The admissions procedure at Aberdeen involves the detailed assessment and scoring of a range of aspects of an application, including academic attainment/predictions (30%), UCAT (20%), and then subsequent interview performance (50%).
Applications are ranked against all the others received for that year's entry and those who score sufficiently well achieve an interview.
Interviews are conducted between December and March using a modified Multiple Mini Interview (MMI) format. For 2022 entry, interviews will be conducted online. Please click here for important information about 2022 interviews.
What is an MMI?
Candidates rotate around a number of different question stations each in turn. At each station, two selector will explore one question area/domain for 5 minutes and score the candidate's performance against pre-determined criteria. Communication and interpersonal skills are also scored at each station. The MMI experience will last approximately 1 hour for each candidate.
Invitation to Interview
For advice on prepareing for online interviews, please visit the Medical Schools Council website. Candidates will be invited for interview by email and provided with details allowing them to book the most convienent slot available. Emails will be sent to the email address detailed on the UCAS form, and it is the responsibility of candidates to check their spam folders regularly during this time period. Alternative interview slots will not be arranged for missed emails.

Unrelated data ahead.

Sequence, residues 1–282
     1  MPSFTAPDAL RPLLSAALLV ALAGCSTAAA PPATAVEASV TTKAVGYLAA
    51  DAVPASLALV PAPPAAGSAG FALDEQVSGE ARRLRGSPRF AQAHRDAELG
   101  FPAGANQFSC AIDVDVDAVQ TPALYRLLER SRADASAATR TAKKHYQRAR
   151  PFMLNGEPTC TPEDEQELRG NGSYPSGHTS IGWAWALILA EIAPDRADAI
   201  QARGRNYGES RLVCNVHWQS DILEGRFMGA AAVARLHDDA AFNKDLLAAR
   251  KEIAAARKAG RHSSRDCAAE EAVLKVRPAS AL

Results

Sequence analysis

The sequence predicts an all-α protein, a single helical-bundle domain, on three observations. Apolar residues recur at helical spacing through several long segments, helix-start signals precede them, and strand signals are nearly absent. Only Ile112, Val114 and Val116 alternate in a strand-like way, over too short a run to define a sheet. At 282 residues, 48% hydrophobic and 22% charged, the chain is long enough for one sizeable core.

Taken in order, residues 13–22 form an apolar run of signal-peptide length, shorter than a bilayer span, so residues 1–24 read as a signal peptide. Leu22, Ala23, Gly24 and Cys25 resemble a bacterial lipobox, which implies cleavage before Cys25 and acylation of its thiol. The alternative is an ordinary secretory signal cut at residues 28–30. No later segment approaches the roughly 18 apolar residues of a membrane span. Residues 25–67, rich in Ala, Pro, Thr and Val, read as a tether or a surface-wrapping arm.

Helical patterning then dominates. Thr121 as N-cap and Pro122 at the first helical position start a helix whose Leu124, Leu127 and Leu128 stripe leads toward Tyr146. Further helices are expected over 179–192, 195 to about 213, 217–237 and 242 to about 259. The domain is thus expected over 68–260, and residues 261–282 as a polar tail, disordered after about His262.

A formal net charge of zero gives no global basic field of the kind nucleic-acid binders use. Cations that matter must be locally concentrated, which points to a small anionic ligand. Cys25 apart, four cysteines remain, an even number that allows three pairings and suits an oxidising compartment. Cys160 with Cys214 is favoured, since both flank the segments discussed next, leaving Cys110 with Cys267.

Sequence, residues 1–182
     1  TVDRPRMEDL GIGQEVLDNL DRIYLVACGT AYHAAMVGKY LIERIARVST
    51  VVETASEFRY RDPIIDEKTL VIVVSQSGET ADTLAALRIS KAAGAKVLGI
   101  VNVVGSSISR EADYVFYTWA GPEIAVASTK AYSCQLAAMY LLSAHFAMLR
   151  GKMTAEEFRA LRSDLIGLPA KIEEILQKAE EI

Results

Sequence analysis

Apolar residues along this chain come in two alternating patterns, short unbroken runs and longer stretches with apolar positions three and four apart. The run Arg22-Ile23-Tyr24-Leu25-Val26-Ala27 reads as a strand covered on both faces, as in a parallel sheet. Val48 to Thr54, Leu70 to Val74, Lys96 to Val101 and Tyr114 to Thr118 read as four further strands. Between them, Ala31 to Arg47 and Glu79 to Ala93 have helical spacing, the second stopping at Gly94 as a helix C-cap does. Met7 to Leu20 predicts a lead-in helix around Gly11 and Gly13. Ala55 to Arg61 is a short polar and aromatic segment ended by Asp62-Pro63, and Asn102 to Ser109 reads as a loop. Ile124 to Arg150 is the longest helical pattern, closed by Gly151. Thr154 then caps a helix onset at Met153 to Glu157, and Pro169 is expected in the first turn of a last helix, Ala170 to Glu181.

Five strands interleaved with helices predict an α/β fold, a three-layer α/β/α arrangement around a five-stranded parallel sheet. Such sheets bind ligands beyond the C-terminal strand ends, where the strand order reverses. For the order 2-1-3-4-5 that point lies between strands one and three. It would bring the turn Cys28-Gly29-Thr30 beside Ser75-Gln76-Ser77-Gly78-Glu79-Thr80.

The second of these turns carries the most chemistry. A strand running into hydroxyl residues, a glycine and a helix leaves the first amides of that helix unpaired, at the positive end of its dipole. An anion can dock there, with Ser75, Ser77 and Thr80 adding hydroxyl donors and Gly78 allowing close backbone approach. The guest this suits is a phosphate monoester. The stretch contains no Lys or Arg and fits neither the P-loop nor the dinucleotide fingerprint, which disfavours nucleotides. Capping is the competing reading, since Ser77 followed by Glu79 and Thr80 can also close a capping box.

Should candidates have any specific requirements in relation to the MMI please let us know at the time of confirming your intention to attend. Please note that there will be no additional dates available to the dates that are published therefore, candidates should make every effort to attend on the allocated time as we cannot guarantee that we will be able to reschedule.
Preparing for Interview
You may find the following information useful to help you understand what selectors look for in a good candidate and how you might prepare for interview. For more information on the process of the day, please visit here.
What types of questions will be asked?
Many questions that will be covered in the MMI stations are available in the public domain. Although the exact wording may vary, candidates may find it a useful exercise to be familiar with some questions and to consider their own responses that are based upon their own thoughts and experiences, rather than quoting existing text and the opinion of others.
There are many ways that selectors may explore the domains that form part of an MMI.
Candidates may be asked to:
- Discuss their preparation for entry to Medicine e.g.
- Research into undergraduate curricula and postgraduate training
- Research then understanding of the implications of a medical career
- Experience of caring or other environments
- Consider a new situation and discuss their thoughts or suggest a solution to solve a problem
- Outline any learning points from previous experiences
- Reflect upon their own and others' skills and abilities